December 2007
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Wiring For Combustion Air

Prove the presence of the combustion air source before allowing the boiler plant to operate

Steven R. Calabrese
 

Steven R. Calabrese
Automated Logic Chicago

Read Steve's previous AutomatedBuildings columns:
November - Terms & Terminologies – Avoiding Confusion 
October - Electric Duct Heaters – Application & Control 
September - Pressure Transmitters – Selection & Placement
August - Rooftop Unit Economizer – Operation & Control 
July - RTU Operation Via Conventional & Digital Controls
June - Interlocking of AHU Safety Devices

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The requirement of combustion air for indoor gas-fired heating appliances such as boilers and furnaces is one that is code-mandated, but more importantly, one that is mandated by the operational nature of the gas-fired equipment. For combustion to take place, there must be three components present. The first two, fuel and ignition, are provided via the equipment. The third, which is oxygen, must be introduced into the space housing the equipment at a rate dictated by the size and capacity of the gas-fired equipment. An insufficient amount of combustion air will result in reduced combustion, in which the flame is actually choked down due to the lack of oxygen. The resulting situation is undesirable, for two reasons: reduced heating capacity, and perhaps more importantly, compromised operational safety!

To meet the requirements for combustion air in a typical boiler room, a hole (or two) will be cut through the outside wall of the room, and terminated with a louver and normally closed motorized damper. Operation is preferably such that the damper is closed when there is no equipment being fired, commanded open when there is a call for boiler operation, and proven open before actually allowing boiler operation.

Another means of handling combustion air requirements, one that’s normally reserved for the larger scale boiler plants, is to have a “forced air” ventilation system. This is typically in the form of a 100 percent outside air unit (make up air unit). Operation of the unit, again preferably, is such that the unit is off when no equipment is being fired, commanded to run upon a call for boiler operation, and proven to be running before combustion is allowed to take place.

With either method of providing combustion air, we see that the “preference” is to confirm combustion air before allowing boiler operation. With the simple combustion air damper, this is done via an end switch on the damper actuator, set to close when the damper has stroked substantially open. With the forced air system, this will typically be done by confirming airflow, via an air proving switch, or by confirming fan operation, via a current sensing switch.

When a mechanical system, be it hot water or steam, is served by a single boiler, interlocking the boiler and combustion air is a relatively straightforward task. The trick is to intercept the boiler’s operating control, and use it as a means to energize the combustion air damper (or the make up air unit). Wait a minute, we’re not done yet. We then need to get the “means of proof” into the boiler’s limit circuit, after the operating control. Now, when the operating control calls for boiler operation, the combustion air system is placed into operation, but the boiler doesn’t fire right away, because its limit circuit is not quite made. Once the operation of the combustion air system is confirmed, the proving switch makes, and the boiler’s limit circuit is completed. And away we go!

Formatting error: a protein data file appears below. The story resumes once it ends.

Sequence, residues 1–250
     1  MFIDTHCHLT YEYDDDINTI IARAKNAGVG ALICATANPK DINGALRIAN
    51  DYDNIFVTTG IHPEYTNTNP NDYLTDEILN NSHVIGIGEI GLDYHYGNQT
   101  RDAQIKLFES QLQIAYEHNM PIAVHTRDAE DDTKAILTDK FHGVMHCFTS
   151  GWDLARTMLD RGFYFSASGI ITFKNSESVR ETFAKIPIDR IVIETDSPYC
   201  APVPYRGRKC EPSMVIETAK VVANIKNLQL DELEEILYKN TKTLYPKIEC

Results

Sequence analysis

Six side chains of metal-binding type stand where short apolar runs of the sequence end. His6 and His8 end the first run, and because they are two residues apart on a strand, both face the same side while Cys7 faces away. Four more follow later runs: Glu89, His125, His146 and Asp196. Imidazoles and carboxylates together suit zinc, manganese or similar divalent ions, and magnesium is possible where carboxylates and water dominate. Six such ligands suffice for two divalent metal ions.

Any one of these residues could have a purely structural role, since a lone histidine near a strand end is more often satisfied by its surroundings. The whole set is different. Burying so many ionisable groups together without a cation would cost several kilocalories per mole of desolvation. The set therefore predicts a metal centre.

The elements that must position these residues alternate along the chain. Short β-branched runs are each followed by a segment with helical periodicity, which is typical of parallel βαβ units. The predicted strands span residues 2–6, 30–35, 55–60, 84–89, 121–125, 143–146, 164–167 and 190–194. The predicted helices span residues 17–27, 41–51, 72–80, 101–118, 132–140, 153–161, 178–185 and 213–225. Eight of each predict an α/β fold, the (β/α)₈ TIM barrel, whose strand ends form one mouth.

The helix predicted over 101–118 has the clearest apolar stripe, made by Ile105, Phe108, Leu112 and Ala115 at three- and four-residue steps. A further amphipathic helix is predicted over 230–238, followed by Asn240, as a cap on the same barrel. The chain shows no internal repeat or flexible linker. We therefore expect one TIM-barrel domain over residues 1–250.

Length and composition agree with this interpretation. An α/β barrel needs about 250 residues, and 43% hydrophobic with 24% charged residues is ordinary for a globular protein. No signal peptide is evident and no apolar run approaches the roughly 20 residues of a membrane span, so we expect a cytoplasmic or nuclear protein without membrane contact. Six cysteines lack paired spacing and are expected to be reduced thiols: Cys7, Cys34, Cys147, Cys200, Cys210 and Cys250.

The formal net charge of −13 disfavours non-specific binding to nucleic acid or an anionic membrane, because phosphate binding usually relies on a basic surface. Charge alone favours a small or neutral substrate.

If, for whatever reason, the means of providing combustion air fails, the boiler is prohibited from operating. This is normally considered “the lesser of two evils”. In other words, a better scenario than allowing the boiler to fire without sufficient combustion air. At least it will prompt a maintenance inspection or a service call, and the source of the failure will be discovered and rectified.

When a mechanical system is served by more than one boiler, and there is only a single source of combustion air common to the boilers, interlocking boiler and combustion air is not so straightforward. To demonstrate the relative complexity of this scenario, consider a two-boiler system, with each boiler operating via its own operating control. The preference, remember, is to prove combustion air before allowing combustion to take place.

Reliable Controls First of all, we need to determine whether either boiler is calling for operation. Therefore, we need to monitor the status of each boiler’s operating control. This can be done with a relay at each boiler. The coil of the relay is energized when its respective boiler is calling for operation. The normally open contacts of each relay can be wired in parallel, and the combustion air source can be called for by this parallel connection of contacts. In other words, if either contact closes, the combustion air system will be placed into operation. Now, when combustion air is proven, the “proof” must be in the form of not one but two switches, with each switch wired into each boiler’s limit circuit. Recapping, on a call for boiler operation by either boiler, a field mounted relay local to the calling boiler is energized. The contacts close, thus pressing the combustion air system into operation. Once combustion air is proven, two switches or contacts are made, one in each boiler’s limit circuit. At this point, both boilers are enabled for operation. The boiler whose operating control is calling proceeds through its ignition process, and fires.